Over the last year, one aspect of leadership I’ve been reflecting on is relational leadership. In the early chapters of Jim Collins’ BE 2.0, he speaks to this area a bit.

In the end, MOST people want WHAT they want, WHEN they want it, MOST of the time. And this is why many organizations operate through the lens of “transactional leadership.” The word ‘transaction’ in its most basic form is defined by American-Webster’s dictionary as; “an exchange of goods, services or funds.” In the workplace, funds are exchanged for services. Or, in other words, money for work. As long as the employee does the work and the employer pays for the work, everyone is satisfied and continues forward with the endeavor. At the farthest extreme, everyone looks out for their own needs and desires through the transactional lens.

On the other side of the spectrum is relational leadership. In the organizational realm, at the furthest extreme, owners/leaders spend inordinate resources (time/energy/money) supporting the needs and hopes of team members AND team members bring their very best in serving the organization’s needs.

In organizations where the work is purely a transactional exchange, people are focused on meeting their own needs and in doing so will at best bring their HEADS to work.

But in healthy organizations with a high degree of relational leadership and thereby connection, everyone benefits from one another and in turn brings not only their HEADS to work but also their HEARTS.

Before I share a couple of ways to edge closer to the relational side of the spectrum, let me acknowledge that no organization or leader is entirely one or the other. Even the most transactional leaders will have some level of connection to their staff, even if it’s only in the most dynamic of life’s moments. And every highly relational leader will operate through the lens of transactional exchange from time to time.

That being said, here are a few ways to grow as a relational leader:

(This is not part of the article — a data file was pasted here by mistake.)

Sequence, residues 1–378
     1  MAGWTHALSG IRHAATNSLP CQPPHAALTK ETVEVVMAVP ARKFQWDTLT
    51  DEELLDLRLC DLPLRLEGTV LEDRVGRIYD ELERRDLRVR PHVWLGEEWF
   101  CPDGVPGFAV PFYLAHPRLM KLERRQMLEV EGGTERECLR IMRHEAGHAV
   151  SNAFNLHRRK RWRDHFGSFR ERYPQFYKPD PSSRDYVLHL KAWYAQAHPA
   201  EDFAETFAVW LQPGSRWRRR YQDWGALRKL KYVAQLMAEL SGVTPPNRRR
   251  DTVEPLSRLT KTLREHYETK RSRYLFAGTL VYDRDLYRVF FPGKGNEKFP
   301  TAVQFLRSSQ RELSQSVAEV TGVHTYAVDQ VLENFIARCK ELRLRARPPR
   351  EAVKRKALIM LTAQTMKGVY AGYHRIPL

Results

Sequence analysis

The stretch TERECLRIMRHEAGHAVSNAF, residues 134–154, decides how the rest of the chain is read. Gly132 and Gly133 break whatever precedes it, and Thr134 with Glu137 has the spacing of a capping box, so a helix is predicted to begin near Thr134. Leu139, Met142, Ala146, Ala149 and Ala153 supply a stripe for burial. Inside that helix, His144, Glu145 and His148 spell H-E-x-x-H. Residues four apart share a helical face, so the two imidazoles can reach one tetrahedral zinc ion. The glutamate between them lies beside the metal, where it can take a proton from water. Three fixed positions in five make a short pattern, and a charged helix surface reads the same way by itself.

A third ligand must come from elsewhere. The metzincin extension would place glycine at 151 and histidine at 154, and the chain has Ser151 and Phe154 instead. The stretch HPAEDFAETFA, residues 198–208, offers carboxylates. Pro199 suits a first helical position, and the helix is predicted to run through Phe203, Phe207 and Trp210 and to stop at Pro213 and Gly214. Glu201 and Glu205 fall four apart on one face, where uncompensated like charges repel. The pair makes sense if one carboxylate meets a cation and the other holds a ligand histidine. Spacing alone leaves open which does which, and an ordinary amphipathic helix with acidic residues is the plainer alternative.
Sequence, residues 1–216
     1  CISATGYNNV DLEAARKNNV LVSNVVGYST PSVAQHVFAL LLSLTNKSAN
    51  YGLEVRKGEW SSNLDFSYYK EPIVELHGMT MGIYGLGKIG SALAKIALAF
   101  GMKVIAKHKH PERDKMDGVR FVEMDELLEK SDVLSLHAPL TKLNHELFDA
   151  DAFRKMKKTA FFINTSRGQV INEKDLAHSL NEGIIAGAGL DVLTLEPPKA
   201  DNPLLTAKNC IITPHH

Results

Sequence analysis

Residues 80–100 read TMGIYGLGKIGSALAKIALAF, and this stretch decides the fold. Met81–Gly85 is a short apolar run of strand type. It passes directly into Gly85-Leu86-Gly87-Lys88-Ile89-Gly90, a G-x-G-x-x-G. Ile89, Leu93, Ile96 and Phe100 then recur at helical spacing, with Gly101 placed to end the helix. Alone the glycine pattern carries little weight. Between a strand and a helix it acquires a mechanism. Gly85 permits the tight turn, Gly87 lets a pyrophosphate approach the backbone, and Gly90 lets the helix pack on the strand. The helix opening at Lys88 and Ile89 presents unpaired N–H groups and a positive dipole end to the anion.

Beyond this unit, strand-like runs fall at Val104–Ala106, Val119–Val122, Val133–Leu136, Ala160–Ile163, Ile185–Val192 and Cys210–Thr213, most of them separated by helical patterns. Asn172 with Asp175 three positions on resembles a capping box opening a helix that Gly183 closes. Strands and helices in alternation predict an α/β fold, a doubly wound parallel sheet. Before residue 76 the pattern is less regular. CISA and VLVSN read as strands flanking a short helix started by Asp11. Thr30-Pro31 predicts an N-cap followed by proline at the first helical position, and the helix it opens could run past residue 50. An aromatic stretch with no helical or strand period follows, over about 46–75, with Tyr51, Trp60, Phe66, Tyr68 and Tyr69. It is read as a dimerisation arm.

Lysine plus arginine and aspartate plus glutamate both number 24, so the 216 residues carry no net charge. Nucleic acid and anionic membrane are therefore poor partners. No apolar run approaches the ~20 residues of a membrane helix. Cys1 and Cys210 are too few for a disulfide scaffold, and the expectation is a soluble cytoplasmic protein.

1. Help with the Dirty Work

We call these situations “sloppy joe’s,” and every organization has them whether it’s a scheduling problem, an upset customer, or an after-hours situation. Whenever it looks, smells, and feels like a situation that everyone would want to run away from, let the team know in word and deed that they are always welcome to bring them to you. In the end, whether it makes sense to grab the baton, address it together, or provide some direction and let them attack, it’s mission-critical to send the messages that, “I’ll never ask you to clean up a mess alone” and “I’m not too busy, fancy or special to avoid this kind of a situation.”

2. Celebrate Key Moments

From handwritten birthday and work anniversary notes to recognizing kids’ birthdays and graduations, there’s something powerful that happens within us when we connect in this way, and it means so much to our teams. Finding uncommon moments beyond birthdays to celebrate is even better. It could be their 1,000th or 5,000th day at the company or the 5th anniversary of someone’s adoption, or a team member’s 50th sale. Find ways to celebrate people for who they are and for what they do within the organization.

3. Tell People Why You’d Hire Them Again

From humor to diligence to ambition to creativity, the more specific, the better. It’s one thing to interview someone and offer them a job. It’s something entirely different to look back and say that after nine months or 14 years that you’d hire them again because of who they are and the impact they’ve made on the team and company.

What are some other ways to help shift from transactional leadership to building deep and lasting relationships with people?

Cheers to building connections and sending the message that people matter in the way we lead!!

Josh Block

Author Josh Block

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